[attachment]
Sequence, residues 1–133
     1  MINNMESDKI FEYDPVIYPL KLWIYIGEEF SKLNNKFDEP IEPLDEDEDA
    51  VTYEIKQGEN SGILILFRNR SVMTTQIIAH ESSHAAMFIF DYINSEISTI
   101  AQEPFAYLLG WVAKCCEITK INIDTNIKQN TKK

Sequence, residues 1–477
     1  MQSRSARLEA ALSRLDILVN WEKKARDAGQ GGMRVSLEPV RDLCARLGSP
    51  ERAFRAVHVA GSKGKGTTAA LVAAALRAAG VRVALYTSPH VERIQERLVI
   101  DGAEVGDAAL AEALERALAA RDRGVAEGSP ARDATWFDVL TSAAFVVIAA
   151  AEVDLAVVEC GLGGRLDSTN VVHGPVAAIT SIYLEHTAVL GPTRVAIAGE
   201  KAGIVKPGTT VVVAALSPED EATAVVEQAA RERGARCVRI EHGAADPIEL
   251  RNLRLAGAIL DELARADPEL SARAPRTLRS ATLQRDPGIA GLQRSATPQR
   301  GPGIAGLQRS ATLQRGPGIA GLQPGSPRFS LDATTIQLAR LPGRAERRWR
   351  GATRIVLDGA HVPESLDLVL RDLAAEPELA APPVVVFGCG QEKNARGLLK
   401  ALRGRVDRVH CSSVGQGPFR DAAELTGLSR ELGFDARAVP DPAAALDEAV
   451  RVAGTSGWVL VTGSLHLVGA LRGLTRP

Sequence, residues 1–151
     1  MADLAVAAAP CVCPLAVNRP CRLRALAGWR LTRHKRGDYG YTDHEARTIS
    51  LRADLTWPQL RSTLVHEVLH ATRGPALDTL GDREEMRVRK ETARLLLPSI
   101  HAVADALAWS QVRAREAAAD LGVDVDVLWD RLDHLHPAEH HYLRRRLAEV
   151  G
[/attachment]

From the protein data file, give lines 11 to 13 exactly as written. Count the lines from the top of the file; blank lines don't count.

   251  RNLRLAGAIL DELARADPEL SARAPRTLRS ATLQRDPGIA GLQRSATPQR
   301  GPGIAGLQRS ATLQRGPGIA GLQPGSPRFS LDATTIQLAR LPGRAERRWR
   351  GATRIVLDGA HVPESLDLVL RDLAAEPELA APPVVVFGCG QEKNARGLLK